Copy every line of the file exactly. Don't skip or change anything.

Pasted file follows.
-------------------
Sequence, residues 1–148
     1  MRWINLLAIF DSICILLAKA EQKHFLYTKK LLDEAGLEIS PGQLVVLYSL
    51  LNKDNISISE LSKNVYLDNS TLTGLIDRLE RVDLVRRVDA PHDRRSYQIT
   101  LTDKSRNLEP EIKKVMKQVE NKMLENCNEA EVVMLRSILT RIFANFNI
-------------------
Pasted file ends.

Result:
Sequence, residues 1–148
     1  MRWINLLAIF DSICILLAKA EQKHFLYTKK LLDEAGLEIS PGQLVVLYSL
    51  LNKDNISISE LSKNVYLDNS TLTGLIDRLE RVDLVRRVDA PHDRRSYQIT
   101  LTDKSRNLEP EIKKVMKQVE NKMLENCNEA EVVMLRSILT RIFANFNI